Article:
Generally, Chows are stubborn and aggressive, so it can be challenging to train them. It will require tons of patience and care, but firm training to get the dog to behave in a desirable manner. The key is to start with the baby chow chow so that the good habits stay till adulthood. Because of their guarding instinct, they must be trained to respect their owners; otherwise, there may be clashing over superiority. Treats motivate them, and it will make training sessions easier for both of you. Each task has to be well defined with short courses and the treats you use must be something they enjoy. It will take longer to train an adult Chow since it has already known what independence is. Sessions must be repetitive and so you will need a lot of patience and commitment to get through it. You can use enforcement like dog toys for training and keep the dog engaged throughout the sessions. Use the same command for tasks so that your dog can associate sounds with behavior and learn quickly. Hand gestures are also another way of training Chows and have proven to be useful. Clicker training is also a method of training Chow Chow dogs and you can get a professional dog trainer to help. Remember to make sure your dog is comfortable before training sessions begin.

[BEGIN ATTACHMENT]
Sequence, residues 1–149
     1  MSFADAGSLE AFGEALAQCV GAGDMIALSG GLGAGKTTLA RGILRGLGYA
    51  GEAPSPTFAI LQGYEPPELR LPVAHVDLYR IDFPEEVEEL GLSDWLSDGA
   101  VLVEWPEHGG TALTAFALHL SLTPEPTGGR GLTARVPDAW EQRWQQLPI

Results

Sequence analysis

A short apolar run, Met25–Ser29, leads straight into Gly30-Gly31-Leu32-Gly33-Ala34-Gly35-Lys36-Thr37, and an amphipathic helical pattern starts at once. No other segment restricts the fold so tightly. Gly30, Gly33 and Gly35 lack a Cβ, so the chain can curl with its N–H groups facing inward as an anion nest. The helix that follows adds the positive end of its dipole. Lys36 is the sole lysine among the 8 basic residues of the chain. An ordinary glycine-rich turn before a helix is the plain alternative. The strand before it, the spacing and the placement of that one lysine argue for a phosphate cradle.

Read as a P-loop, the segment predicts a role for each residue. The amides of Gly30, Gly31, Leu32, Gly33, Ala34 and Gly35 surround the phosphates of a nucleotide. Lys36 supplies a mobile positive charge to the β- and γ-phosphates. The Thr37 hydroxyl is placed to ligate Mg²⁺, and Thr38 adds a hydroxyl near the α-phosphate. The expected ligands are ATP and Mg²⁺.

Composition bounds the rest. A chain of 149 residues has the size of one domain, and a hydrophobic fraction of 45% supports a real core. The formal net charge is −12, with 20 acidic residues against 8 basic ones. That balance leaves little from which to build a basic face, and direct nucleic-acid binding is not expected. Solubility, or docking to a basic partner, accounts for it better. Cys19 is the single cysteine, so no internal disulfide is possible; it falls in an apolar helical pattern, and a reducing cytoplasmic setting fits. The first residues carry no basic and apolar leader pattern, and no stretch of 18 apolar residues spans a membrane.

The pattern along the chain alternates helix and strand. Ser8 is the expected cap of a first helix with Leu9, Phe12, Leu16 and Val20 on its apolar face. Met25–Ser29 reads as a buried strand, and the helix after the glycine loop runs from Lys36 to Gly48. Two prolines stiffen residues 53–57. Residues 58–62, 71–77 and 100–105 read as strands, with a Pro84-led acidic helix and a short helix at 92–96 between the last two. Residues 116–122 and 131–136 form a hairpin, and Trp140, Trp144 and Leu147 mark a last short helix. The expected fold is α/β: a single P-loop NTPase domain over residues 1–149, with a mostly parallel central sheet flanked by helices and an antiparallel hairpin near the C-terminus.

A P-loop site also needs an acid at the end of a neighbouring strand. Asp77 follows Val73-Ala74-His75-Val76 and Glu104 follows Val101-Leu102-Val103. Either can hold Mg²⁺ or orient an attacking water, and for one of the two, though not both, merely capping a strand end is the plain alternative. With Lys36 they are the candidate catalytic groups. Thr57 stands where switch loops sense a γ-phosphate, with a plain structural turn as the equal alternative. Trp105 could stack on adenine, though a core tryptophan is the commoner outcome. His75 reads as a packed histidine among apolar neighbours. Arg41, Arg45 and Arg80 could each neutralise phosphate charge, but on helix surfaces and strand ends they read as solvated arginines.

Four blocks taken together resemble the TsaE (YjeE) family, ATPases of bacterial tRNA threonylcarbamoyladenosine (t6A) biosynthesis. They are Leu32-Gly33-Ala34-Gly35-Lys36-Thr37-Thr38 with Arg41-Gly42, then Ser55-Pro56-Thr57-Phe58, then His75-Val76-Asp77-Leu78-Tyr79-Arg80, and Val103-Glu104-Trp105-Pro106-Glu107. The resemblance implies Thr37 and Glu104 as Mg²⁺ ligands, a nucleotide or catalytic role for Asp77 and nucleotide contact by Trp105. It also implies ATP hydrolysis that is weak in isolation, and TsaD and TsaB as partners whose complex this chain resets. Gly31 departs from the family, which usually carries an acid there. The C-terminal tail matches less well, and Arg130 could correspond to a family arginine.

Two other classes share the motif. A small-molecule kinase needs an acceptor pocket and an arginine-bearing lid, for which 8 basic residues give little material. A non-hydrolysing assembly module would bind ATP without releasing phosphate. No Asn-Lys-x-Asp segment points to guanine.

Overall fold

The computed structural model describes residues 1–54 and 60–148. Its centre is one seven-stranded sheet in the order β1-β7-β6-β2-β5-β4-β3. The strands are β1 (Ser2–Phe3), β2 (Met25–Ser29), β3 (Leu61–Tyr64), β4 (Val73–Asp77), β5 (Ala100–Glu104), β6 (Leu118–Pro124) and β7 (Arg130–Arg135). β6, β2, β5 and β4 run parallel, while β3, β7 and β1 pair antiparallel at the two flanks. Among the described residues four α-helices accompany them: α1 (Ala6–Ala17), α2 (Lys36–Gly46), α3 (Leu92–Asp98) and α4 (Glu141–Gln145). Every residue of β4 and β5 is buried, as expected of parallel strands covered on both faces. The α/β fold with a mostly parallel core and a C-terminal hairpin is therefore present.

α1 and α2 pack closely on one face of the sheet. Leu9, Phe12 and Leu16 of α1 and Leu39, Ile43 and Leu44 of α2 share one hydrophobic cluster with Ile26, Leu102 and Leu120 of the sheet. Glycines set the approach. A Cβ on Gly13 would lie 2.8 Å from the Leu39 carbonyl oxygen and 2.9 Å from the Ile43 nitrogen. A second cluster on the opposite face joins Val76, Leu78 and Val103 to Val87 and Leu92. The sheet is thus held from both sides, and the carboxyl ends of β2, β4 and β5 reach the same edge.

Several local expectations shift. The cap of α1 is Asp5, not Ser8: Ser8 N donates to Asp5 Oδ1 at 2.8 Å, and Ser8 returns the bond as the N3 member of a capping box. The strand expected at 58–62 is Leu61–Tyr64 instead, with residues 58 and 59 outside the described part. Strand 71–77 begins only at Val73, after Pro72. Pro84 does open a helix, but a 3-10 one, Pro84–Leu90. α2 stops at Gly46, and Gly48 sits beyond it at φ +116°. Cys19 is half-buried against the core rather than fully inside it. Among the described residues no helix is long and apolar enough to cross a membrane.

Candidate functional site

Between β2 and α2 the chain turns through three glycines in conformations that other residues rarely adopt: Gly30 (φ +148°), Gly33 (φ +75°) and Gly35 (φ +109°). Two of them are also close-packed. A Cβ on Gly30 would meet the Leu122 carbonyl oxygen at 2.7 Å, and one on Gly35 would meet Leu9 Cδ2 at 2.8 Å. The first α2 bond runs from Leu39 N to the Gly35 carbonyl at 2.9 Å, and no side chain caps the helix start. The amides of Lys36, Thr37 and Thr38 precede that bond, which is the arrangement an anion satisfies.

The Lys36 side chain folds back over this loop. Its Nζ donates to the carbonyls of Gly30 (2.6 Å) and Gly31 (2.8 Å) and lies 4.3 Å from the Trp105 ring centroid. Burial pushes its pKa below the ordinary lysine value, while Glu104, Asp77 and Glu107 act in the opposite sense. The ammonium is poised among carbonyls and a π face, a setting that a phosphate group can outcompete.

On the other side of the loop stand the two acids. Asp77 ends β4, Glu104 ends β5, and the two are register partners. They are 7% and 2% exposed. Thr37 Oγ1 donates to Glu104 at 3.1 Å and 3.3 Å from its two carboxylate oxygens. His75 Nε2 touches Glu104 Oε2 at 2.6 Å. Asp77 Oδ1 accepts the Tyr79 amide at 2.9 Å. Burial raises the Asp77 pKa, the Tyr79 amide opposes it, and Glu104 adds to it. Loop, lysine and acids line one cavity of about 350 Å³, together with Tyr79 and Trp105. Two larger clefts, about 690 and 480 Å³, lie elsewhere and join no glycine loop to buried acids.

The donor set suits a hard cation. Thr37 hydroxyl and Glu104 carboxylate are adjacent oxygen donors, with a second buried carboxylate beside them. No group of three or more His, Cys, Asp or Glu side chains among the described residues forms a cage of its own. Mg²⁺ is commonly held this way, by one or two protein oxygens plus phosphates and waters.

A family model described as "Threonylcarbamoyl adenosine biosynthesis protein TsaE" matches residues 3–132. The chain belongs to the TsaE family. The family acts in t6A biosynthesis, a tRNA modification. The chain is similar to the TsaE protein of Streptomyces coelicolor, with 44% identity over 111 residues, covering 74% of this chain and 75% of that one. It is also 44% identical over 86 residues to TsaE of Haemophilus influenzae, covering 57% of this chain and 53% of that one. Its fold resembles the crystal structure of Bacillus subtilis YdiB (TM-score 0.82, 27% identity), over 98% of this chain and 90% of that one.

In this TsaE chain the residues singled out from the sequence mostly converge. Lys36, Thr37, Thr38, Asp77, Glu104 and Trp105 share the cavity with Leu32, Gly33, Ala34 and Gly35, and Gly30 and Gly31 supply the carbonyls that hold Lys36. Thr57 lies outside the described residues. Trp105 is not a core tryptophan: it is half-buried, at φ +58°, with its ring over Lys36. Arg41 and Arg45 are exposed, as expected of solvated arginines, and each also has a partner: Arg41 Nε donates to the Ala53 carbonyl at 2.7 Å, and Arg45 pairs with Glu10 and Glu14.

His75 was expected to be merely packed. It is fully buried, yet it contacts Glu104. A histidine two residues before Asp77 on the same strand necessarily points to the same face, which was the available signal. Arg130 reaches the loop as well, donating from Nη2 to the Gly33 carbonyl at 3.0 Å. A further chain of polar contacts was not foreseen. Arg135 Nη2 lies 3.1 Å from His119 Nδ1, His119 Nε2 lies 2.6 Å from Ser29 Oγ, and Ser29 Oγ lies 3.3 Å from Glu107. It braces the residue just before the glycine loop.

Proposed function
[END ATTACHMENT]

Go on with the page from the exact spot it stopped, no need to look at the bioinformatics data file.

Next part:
Chows easily get bored and so you need to find a way to keep them busy so that they don’t engage in unproductive behaviors. Aside from training, exercise is one way to ensure they are getting the physical stimulation they need. Even though some consider the breed to be lazy, 15-minute daily walks around the neighborhood or even the apartment will be okay for them. They are mostly indoor animals and are not prone to wandering, but it will still be wise to put a fence around the yard.